He stared at the door considering the events that just occurred when he heard another knock at the door. Fearing that the officer had returned to further reprimand him, he opened the door slowly, but it wasn't the officer he found standing on his front porch. It was Shrek.
It wasn't a person dressed as Shrek or a person in a Shrek costume. It wasn't a CGI movie character somehow transposed into reality. It was Shrek, a real, live, green, seven foot tall, 250 pound ogre, wearing a white long-sleeve tunic and a brown vest, olive and beige tartan pants, and dark brown boots.
"Good evening, professor," said Shrek.
It was too much for Professor Murphy. He fell to his knees before Shrek, sobbing hysterically and swaying from side to side, pulling at his hair and pounding his fists against his head.
Shrek stepped across the threshold and placed a meaty, green hand on the professor's shoulder. "What's the matter, professor?"
Professor Murphy looked up at the mythical monster towering over him, blinked, and then resumed his temper tantrum.
"Professor, please," implored Shrek, "I need your help."
The professor coughed and gasped for oxygen. "My help?" The professor grabbed the bottom of Shrek's tunic. "You need my help?!" he screamed.
"I need to borrow $60," said Shrek.
The professor stared at Shrek. "This can't be real. This has to be a dream. I must be dreaming. In any second I'll wake up and I'll be in my bed. This is impossible. This is beyond possibility. You're not real. You're a fictional character from a children's movie. Either this isn't real, or I've lost my mind and I'm suffering from paranoid delusions. Yes, that has to be it. I must have experienced some sort of schizophrenic episode. That explains the girl, and being followed, and you. I've lost my mind. I've gone insane."
Shrek grabbed Professor Murphy by the arms and lifted him up. "Are you done now? I need you to give me $60 so I can get back to my swamp."
"Yes, my swamp. I need $60. I have to get three trains to get to Pawling."
"Yes, Pawling," said Shrek, growing impatient. "It's where my swamp is. Pawling. It's in the Hudson Valley. New York. You know where New York is?"
"Yes," said the professor, "of course I know where New York is."
"So you know how long it's going to take me to get back to my swamp, and it's already almost midnight. Now give me $60."
Professor Murphy slowly dug out his wallet and produced three $20 bills. Shrek snatched them out of his hand and made his way towards the door.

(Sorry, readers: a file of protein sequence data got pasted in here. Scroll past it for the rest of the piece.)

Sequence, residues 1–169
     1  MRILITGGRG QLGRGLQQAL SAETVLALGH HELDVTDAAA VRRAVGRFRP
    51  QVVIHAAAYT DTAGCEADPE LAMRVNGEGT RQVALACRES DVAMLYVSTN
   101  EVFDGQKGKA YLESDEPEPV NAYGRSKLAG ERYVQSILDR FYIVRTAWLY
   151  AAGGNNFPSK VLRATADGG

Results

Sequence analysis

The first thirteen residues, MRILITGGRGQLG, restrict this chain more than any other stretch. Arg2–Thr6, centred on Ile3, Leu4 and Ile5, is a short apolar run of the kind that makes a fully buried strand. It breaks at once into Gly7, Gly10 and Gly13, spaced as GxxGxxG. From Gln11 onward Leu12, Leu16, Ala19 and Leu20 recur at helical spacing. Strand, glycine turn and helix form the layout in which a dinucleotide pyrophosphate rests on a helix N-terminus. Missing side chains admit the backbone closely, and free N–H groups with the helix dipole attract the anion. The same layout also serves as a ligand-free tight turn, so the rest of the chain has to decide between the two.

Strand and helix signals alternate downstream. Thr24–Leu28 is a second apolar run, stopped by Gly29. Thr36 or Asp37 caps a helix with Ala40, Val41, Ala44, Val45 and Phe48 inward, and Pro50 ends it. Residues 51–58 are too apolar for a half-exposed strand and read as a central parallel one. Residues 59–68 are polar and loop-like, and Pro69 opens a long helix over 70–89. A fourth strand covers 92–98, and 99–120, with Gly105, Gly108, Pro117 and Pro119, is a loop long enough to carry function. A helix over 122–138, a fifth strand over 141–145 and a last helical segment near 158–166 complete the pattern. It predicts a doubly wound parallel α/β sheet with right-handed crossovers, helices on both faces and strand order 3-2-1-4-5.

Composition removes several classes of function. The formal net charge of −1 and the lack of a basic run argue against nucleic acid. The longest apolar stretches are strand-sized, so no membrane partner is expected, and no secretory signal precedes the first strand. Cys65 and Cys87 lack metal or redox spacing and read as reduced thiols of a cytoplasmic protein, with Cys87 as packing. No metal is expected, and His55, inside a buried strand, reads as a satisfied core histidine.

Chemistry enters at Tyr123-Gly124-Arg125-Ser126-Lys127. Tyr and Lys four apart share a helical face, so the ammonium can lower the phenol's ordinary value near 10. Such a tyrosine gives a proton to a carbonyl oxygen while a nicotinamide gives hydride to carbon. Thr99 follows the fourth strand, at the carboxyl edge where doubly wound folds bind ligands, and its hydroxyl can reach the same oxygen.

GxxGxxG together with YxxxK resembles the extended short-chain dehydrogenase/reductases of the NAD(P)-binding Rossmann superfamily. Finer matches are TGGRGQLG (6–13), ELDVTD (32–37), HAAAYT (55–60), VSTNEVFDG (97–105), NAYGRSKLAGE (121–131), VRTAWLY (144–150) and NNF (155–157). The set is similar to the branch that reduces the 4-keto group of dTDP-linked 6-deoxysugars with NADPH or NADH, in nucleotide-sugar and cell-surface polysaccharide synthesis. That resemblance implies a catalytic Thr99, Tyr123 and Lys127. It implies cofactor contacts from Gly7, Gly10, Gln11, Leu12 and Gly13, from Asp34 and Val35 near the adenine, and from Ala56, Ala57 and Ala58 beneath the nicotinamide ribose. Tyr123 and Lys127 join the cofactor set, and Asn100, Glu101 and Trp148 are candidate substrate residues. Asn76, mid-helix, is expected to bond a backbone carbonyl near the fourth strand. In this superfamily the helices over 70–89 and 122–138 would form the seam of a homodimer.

"Wait!" called out the professor. "I don't understand. Why are you here? Have you been watching me? Do you have anything to do with her?" He pointed at the body.
Shrek looked into the living room and then back at Professor Murphy.
"Did you know," said Shrek, "that they originally cast Chris Farley to play me but he died of a cocaine overdose before the movie was finished? He had recorded almost all of the dialogue and they had to start all over with Mike Myers."
"Listen," said the professor, "let's say that this is real. You're the real Shrek. Let's say that everything that happened to me tonight actually happened to me. I-- I would no longer have any kind of perception of reality. How could I continue to live my life when everything I know, the laws of the universe, the rules that govern what is real and what isn't, I now know to be false? If Shrek is real, then is God real? Am I real? I don't know how I can go back to my normal life without having any solid ground to formulate a worldview on. I would doubt everything I saw, everything I sensed, everything I thought I knew. How can I go on?"
Shrek smiled. "One day at a time, little donkey." And with that, he walked out the door.
The next day, Professor Murphy got up and collected his car from the parking lot of the restaurant he had eaten at the night before. He put Danielle in the back seat, drove to the woods behind the college, and dumped the body in Crum Creek. He got breakfast from Dunkin' Donuts and ate it in his office. He looked through the student rolls but there wasn't a single student at the school with the name Danielle. He went to his classes and lectures.
The first time he returned to teach the class on Shrek was difficult and he stumbled through the lecture, but each time after that became progressively easier, and eventually he was back to his old self again. Occasionally he thought about what had happened but for the most part he was able to live his life the way it had been before. He pretended it was a nightmare and so that is what it became. He wrote more papers, and more books, and eventually he moved to New York City to take the post of Sidney Morgenbesser Professor of Philosophy at Columbia University, and he married a bassoonist in the New York Philharmonic. He had two children. He lived to be 79 years old. And then he died.